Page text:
Traditional political action committees are bound by a $5,000 annual limit on the size of contributions they can accept from individuals and cannot accept contributions from corporations or labor unions.
A Super PAC, on the other hand, is free from these restrictions so long as: The super PAC does not give money directly to a candidate or other political committees that give directly to candidates, and does not coordinate how it spends its money with a federal candidate.
The 2010 U.S. Supreme Court decision in Citizens United v. Federal Election Commission led to Super PACs skyrocketing in popularity. In that case, the Supreme Court held corporations, unions, and other groups for political campaigns enjoy a First Amendment right to spend money to support candidates.
This means Super PACs can pay for ads favorable to a candidate or negative ads about an opponent, phone banks, canvassers and bumper stickers. Basically, Super PACs do anything except contribute directly to, or coordinate expenditures with, candidates and candidate committees. However, the FEC has been exceedingly lenient in defining what constitutions “coordination.”
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Can Donors to Super PACs Remain Anonymous?
Super PACs are required to file regular financial disclosure forms with the Federal Election Commission. But because they are permitted to accept money from incorporated entities that do not have to make the sources of their funding public, it’s possible for them to keep the names of actual donors undisclosed.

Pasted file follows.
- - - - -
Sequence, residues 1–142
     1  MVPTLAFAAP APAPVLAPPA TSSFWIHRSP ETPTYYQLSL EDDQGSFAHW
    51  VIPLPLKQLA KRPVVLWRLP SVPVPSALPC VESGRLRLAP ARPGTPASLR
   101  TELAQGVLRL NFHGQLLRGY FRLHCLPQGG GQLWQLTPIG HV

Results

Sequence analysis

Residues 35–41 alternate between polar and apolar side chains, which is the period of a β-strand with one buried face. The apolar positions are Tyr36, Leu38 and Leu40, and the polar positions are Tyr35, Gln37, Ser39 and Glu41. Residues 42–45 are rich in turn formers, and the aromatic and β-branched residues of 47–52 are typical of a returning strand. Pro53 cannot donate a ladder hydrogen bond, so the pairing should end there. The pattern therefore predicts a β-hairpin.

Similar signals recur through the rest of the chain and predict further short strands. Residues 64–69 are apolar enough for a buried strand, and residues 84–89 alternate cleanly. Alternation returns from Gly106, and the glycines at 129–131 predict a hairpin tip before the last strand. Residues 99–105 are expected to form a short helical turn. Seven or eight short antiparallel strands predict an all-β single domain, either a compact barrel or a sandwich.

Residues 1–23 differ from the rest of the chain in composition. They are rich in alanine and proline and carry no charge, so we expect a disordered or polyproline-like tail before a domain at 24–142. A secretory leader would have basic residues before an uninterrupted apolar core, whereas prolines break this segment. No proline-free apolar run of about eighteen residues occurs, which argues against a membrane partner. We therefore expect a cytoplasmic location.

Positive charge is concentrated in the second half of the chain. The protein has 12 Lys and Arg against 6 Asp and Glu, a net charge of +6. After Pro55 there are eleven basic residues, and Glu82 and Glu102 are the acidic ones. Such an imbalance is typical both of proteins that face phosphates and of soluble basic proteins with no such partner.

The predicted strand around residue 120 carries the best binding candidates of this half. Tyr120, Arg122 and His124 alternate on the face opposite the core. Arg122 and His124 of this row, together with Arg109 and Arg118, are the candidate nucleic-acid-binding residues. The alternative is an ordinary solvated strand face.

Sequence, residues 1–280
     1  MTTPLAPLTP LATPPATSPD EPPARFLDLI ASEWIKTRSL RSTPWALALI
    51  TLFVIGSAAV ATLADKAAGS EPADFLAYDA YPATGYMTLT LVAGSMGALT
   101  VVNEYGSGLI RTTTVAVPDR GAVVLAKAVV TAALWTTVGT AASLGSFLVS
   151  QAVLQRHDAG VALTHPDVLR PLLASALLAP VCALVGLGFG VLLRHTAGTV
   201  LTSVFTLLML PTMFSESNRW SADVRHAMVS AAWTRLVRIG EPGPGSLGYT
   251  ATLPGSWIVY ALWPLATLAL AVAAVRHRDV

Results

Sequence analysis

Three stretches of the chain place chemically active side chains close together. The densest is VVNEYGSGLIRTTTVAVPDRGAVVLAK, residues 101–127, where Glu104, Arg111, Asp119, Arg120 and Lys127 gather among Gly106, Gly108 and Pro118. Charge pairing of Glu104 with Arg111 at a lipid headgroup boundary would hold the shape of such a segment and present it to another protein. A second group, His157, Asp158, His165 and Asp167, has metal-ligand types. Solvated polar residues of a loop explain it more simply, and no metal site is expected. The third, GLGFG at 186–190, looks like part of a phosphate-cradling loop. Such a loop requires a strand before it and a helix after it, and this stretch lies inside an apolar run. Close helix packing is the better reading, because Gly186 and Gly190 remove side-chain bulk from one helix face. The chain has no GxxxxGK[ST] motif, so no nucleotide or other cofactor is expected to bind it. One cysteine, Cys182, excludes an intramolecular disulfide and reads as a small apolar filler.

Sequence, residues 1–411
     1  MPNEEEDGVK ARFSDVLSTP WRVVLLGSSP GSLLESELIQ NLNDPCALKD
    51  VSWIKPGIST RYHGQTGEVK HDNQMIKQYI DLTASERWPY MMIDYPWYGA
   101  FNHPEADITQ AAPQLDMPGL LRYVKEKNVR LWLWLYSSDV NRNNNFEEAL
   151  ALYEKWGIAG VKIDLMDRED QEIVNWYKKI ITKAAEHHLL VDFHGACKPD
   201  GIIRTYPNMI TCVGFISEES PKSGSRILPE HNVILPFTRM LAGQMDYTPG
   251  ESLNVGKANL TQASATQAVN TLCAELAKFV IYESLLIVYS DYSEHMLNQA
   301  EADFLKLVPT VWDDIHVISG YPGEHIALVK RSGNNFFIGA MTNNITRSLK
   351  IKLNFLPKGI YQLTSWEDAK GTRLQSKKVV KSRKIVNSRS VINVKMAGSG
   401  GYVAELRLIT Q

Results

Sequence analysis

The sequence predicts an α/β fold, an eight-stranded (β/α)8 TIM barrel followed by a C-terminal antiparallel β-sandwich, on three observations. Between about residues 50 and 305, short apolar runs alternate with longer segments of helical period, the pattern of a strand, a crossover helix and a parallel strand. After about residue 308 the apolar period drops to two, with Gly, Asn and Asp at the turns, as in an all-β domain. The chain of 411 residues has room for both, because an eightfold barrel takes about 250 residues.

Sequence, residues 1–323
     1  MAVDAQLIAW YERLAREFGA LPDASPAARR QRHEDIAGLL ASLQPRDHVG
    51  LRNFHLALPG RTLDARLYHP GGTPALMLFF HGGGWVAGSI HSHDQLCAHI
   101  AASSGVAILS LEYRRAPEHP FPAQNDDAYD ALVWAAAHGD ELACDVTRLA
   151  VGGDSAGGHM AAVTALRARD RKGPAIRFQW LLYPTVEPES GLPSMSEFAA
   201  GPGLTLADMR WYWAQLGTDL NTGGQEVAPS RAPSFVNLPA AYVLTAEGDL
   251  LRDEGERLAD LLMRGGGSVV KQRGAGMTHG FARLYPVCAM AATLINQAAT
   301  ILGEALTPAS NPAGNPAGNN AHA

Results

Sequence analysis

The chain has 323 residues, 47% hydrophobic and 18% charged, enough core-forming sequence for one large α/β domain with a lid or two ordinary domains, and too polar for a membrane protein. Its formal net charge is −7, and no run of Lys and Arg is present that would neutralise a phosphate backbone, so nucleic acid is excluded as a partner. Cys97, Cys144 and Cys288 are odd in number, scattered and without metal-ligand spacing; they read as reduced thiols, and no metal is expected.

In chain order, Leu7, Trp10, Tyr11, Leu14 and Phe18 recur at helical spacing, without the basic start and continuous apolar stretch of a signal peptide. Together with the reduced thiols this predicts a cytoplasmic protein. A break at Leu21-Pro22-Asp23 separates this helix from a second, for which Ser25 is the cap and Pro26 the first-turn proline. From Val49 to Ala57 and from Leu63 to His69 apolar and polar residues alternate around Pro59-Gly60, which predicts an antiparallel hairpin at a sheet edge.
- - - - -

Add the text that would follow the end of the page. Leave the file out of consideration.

Can Foreign Companies or Nations Influence U.S. Elections Through Super PACs?
Citizens United did not change the legality of foreign contributions in the U.S. Foreign nationals cannot set up or contribute to Super PACs, nor can foreign corporations. However, a U.S.-based subsidiary of a foreign corporation can contribute to Super PACs, leading to the possibility of foreign money influencing U.S. elections.
“Before Citizens United, in order for a foreign national to try and do this, they’d have to set up a pretty complex system of shell corporations,” said Brett Kappel, a campaign finance expert at the law firm Arent Fox. “And even then, there were dollar limits in place. After Citizens United, there are no limits on independent expenditures.”
What do you think of Super PACs? Should corporations or unions be able to give as much money as they want to support federal candidates?